Fire at Noida’s vacant plot completely doused after six days
Gautam Budh Nagar chief fire officer Pradeep Kumar Chuabey said the flames were fully doused on Monday night but got reignited on Tuesday morning
The fire at the vacant plot in Noida’s Sector 32 was completely extinguished on Tuesday after six days of continuous firefighting operations.
Gautam Budh Nagar chief fire officer Pradeep Kumar Chuabey said the flames were fully doused on Monday night but got reignited on Tuesday morning.
“It was reignited, probably, by the high speed winds. However, three fire tenders were already stationed at the spot and firefighting resumed around 7am,” he said.
According to a Noida authority official, the plot, measuring about 1km by 2km, belongs to the authority and was being used for decomposing horticulture waste. About 100 vehicles of the authority collect dry leaves from different areas and dump them on the plot. The leaves are then covered with soil. However, that process did not happen in March and April.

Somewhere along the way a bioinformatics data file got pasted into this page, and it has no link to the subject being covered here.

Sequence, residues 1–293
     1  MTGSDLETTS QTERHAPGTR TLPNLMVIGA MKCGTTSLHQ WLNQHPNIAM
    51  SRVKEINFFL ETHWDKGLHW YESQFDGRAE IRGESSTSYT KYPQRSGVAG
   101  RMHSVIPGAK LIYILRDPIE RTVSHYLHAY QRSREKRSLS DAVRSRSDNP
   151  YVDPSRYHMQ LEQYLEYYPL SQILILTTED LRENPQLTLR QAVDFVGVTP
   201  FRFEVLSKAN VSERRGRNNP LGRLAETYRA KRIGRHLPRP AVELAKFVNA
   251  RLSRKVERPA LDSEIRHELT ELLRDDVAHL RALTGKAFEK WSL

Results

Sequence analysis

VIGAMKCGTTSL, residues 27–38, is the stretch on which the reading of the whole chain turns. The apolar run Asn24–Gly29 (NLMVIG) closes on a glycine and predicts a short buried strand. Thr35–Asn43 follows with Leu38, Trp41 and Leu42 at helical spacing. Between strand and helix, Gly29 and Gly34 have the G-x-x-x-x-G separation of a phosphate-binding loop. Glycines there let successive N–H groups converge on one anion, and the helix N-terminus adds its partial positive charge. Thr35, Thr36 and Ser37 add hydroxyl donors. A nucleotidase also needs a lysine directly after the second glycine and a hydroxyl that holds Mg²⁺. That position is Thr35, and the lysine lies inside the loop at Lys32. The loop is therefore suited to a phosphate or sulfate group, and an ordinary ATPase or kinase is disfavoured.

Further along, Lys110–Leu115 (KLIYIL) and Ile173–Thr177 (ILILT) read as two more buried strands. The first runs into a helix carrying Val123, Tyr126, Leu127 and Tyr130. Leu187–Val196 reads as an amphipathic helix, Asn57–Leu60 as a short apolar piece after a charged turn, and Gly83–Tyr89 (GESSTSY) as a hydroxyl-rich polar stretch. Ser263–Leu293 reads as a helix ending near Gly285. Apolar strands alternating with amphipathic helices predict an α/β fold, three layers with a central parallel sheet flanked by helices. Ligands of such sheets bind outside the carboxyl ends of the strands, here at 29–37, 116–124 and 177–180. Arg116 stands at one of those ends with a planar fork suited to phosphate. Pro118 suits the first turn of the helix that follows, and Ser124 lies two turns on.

Authority officials suspect that some miscreants may have smoked near the plot and carelessly thrown away a burning matchstick or cigarette butt triggering the fire,
Chaubey said the department had to rethink its strategy after the fire started again on Tuesday morning.
“So far, we have been using excavators to put soil on the burning patches. On Tuesday, we decided to dig a large pit and fill it with water. That plan worked and, by 5pm, we completely doused the flames,” said the CFO.
According to the weather forecast of the India Meteorological Department, thundershowers are expected in Delhi-NCR on May 23,24, and 25 and the rain will further stamp out any residual flames and prevent a recurrence.
“As on Tuesday evening, the fire is completely extinguished and for precautionary measure, two fire tenders have been stationed at the spot,” said Chaubey.
Over 30 fire tenders and at least 20 excavators were used to extinguish the fire, said the CFO. About 250 firefighters were deployed at the spot over the past six days in day and night shifts to douse the flames.
The fire chief on Monday had said the firefighting operations were made all the more difficult by the rising temperatures. Several of the first responders have suffered boils on their scalp and feet, besides being dehydrated and choked by the billows of smoke.